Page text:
Plutarch, Moralia. The E at Delphi

LCL 306: 194-195

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The E At Delphi


Plutarch, in this essay on the Ε at Delphi, tells us that beside the well-known inscriptions at Delphi there was also a representation of the letter E, the fifth letter of the Greek alphabet. The Greek name for this letter was EI, and this diphthong, in addition to being used in Plutarch’s time as the name of Ε (which denotes the number five), is the Greek word for “if,” and also the word for the second person singular of the verb “to be “(thou art).

In searching for an explanation of the unexplainable it is only natural that the three meanings of EI (“five,” “if,” “thou art”) should be examined to see if any hypothesis based on any one of them might possibly yield a rational explanation; and these hypotheses constitute the skeleton about which is built the body of Plutarch’s essay. From it we gain some interesting delineations of character and an engaging portrayal of the way in which a philosopher acts, or reacts, when forced unwillingly to face the unknowable.

Plutarch puts forward seven possible explanations of the letter:

(1) It was dedicated by the Wise Men, as a protest against interlopers, to show that their number was actually five and not seven (EI = E, five).


The E At Delphi

(2) EI is the second vowel, the Sun is the second planet, and Apollo is identified with the sun (EI = E, the vowel).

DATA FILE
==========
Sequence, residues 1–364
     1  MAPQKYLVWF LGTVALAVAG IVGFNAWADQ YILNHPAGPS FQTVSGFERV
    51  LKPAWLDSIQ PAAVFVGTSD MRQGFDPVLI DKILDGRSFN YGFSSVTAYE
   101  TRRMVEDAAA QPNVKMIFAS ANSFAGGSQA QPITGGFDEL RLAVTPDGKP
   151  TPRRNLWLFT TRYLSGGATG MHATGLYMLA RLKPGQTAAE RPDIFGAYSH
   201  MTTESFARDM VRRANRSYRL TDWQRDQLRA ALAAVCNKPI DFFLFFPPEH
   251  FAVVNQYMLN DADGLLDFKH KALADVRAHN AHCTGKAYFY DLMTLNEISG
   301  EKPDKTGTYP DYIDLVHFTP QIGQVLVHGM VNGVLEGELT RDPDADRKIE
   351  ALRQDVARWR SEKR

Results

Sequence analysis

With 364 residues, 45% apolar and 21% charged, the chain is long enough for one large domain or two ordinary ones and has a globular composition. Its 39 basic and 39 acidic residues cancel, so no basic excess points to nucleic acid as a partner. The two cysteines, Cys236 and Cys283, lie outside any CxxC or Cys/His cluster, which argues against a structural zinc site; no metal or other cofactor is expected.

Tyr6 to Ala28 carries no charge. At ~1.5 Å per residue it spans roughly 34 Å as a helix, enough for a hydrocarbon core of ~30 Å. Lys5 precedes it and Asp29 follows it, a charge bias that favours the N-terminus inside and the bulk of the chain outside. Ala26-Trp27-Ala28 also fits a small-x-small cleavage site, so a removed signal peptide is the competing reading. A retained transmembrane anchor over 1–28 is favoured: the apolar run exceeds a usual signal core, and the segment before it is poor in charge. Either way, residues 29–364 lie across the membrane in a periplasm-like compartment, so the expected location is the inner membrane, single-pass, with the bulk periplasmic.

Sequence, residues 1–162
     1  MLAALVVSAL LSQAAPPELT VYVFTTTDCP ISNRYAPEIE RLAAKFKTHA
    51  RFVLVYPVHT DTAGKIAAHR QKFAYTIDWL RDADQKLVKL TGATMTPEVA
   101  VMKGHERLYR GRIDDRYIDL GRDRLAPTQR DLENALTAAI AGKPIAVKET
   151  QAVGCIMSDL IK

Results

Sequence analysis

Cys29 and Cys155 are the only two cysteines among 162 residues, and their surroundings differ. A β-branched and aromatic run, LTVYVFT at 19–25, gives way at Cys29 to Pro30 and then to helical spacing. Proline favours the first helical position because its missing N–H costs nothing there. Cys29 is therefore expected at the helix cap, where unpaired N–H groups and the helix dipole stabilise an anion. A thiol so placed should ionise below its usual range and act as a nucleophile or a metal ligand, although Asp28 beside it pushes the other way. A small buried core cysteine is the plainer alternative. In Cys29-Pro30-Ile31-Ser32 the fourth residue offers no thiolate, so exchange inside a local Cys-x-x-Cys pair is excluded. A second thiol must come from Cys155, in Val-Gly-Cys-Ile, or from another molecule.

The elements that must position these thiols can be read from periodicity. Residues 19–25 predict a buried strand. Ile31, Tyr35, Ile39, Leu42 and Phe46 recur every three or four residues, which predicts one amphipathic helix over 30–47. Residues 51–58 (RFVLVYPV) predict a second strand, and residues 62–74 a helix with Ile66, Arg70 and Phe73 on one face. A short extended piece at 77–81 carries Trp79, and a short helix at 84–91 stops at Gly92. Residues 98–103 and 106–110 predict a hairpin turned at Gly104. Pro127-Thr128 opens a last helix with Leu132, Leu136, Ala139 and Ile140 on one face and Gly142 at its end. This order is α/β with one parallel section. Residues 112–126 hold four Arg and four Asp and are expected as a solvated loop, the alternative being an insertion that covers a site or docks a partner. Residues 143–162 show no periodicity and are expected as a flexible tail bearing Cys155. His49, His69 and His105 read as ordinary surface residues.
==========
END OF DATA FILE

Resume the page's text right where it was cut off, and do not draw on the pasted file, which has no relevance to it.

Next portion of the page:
(3) EI means “if”: people ask the oracle IF they shall succeed, or IF they shall do this or that (EI = “if”).

(4) EI is used in wishes or prayers to the god, often in the combination εἴθε or εἰ γάρ (EI = “if” or “if only ”).

(5) EI, “if,” is an indispensable word in logic for the construction of a syllogism (EI = “if”).

(6) Five is a most important number in mathematics, physiology, philosophy, and music (EI = E, “five”).

(7) EI means “thou art” and is the address of the consultant to Apollo, to indicate that the god has eternal being (EI = “thou art”).a

Attempts to explain the letter have been also made in modern times by Göttling, Berichte der Sachs. Gesell. der Wiss. I. (1846-47) pp. 311 ff., and by Schultz in Philologus (1866), pp. 214 ff. Roscher, in Philologus (1900), pp. 21 ff.; (1901), pp. 81 ff.; (1902), pp. 513 ff.; Hermes (1901), pp. 470 ff. (comment also by C. Robert in the same volume, p. 490), and the Philologische Wochenschrift (1922), col. 1211, maintains that EI is an imperative from (εἶμι) “go,” addressed to the person who came to consult the oracle, and that it means “go on,” “continue” into the temple. The value of this explanation is somewhat doubtful, since EI in this word (εἶμι) is a true diphthong, and so is not generally spelled with simple Ε except in the Corinthian alphabet. Although

DOI: 10.4159/DLCL.plutarch-moralia_e_delphi.1936